Accountant can help determine the liability on condo sale
DEAR BRUCE: My mortgage is paid off on a condo I’ve rented since 1991. I purchased it for $42,000 and it’s worth $150,000. I was considering selling the property to the tenant over a 5-to-8-year period. Would this help me avoid a giant capital gains hit all at once?
I’m 67 years old and have healthy retirement savings, so minimizing taxes is still important. Do you have any ideas on the best (cheapest) way to set up that kind of sale without having a bank in the middle? — J.W.
DEAR J.W.: I would suggest that you talk to an accountant (one who is knowledgeable in real estate) and show him all the records on the transaction. Whether or not you’ll have any substantial taxes that must be paid is something the accountant can help determine. If, for example, you put capital improvements into the property, no matter how long ago, these will be deductible against any possible gain.
As to selling the property to a tenant, I can’t believe there is any advantage to that over selling it outright and paying the taxes. As to not involving a bank, if the buyer is going to finance it, there has to be a bank or other lender involved somewhere. That really shouldn’t be any concern to you.
DEAR BRUCE: Is voluntarily surrendering your vehicle better than having it repossessed? — R.B. Via Email
DEAR R.B.: No matter how you slice it, it sounds like you’re in trouble! You didn’t say that you don’t have the money to pay for the vehicle, which is financed. Assuming you don’t, you can make a case for not paying and hanging onto the car for as long as you possibly can. That would buy you probably a couple of extra months of having the car without making a payment. If you have no access to another vehicle, I would continue not to make the payment. Send letters explaining the circumstances and stall until the car is repossessed.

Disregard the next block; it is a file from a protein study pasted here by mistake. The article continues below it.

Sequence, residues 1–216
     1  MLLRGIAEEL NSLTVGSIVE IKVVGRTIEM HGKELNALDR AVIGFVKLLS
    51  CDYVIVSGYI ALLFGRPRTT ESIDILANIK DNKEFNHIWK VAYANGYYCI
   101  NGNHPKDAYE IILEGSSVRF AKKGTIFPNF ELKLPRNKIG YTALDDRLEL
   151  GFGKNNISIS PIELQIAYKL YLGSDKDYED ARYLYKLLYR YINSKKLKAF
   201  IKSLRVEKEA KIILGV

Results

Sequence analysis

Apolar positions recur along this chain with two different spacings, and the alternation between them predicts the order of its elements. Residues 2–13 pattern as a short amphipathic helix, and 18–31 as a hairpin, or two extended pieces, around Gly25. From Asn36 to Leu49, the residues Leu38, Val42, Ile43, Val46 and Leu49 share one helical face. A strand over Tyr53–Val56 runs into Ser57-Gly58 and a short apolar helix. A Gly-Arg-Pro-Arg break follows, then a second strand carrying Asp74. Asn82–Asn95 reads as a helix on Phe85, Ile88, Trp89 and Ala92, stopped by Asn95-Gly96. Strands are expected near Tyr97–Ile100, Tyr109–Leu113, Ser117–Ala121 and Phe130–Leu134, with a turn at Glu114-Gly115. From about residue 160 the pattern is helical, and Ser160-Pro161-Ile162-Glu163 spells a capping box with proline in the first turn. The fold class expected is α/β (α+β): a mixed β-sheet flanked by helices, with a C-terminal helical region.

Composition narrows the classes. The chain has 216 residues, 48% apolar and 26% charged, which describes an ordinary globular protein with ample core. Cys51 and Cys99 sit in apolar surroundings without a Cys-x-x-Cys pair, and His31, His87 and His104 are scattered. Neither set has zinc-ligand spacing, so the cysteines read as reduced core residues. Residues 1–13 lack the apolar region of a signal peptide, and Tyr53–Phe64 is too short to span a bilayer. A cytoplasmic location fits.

DEAR BRUCE: Our father died, leaving us $500,000 in a trust. I tried to get information about the trust’s dwindling funds. I went to court and lost. The judge gave the administration of the trust to a single local attorney.
We have been enjoined from contacting this attorney. He is draining the trust’s money rather than hiring a real estate agent to sell our father’s $499,000 home, which is deteriorating fast. Short of hiring a real estate attorney, where do we go from here? — S.S.
DEAR S.S.: Unhappily, you’ve done what you can, and so far, you have failed. I can’t think why the judge would give the administration of the trust to an attorney and then allow him to just sit there and not do anything to turn the property into cash. I know it’s a tough proposition, but I would swallow hard and get that attorney hired.
Send questions to email@example.com.
DEAR BRUCE: I’m 74 years old. My assets amount to $2 million with a cost basis of $1.2 million and yielding an overall 4 percent. I have a Roth IRA consisting of equities and corporates valued at $450,000 and $140,000 in a five-year CD yielding 1.6 percent. Other assets are a rental house valued at $150,000 and two homes at $750,000. I keep an average of $200,000 cash in my checking account. My Social Security income is $15,600 annually.
I’m tired of market swings, record-keeping and tax returns. If I liquidate everying except one personal residence of $400,000, I’d come out with about $3 million in cash after capital gains taxes. If I just put the cash in non-interest accounts spread among banks to keep it FDIC-insured, I could pull out about $100,000 a year for expenses (more than enough) and have enough to last till I’m 104.
It is unlikely I’ll live much past 85, due to family history and open heart surgery. I’d have little record-keeping, total security of principal, no market worries and no tax returns. Ultimate simplicity and security of principal is my goal. — D.W.
DEAR D.W.: I think a lot of people would love to have your problem. I understand you don’t want to keep any records; you can certainly hire a CPA to handle that and make the payments, and come out better than accepting little or no interest out of $3 million.
Let’s assume that you can invest the money in the marketplace and get an average of 5 percent, which is not an unrealistic number. That would give you $150,000 a year in income, which would exceed your cost of living. I understand you don’t want the headaches and you feel that you could live on what you have, but one never knows in terms of illness, etc.
I would strongly suggest that you put your problem in front of two or three investment counselors. Compare their costs and their track records. I certainly wouldn’t throw away $150,000 a year.
Send questions to firstname.lastname@example.org. Questions of general interest will be answered in future columns. Owing to the volume of mail, personal replies cannot be provided. The Bruce Williams Radio Show can now be heard 24/7 via iTunes and at http://www.taeradio.com. It is also available at http://www.brucewilliams.com. end
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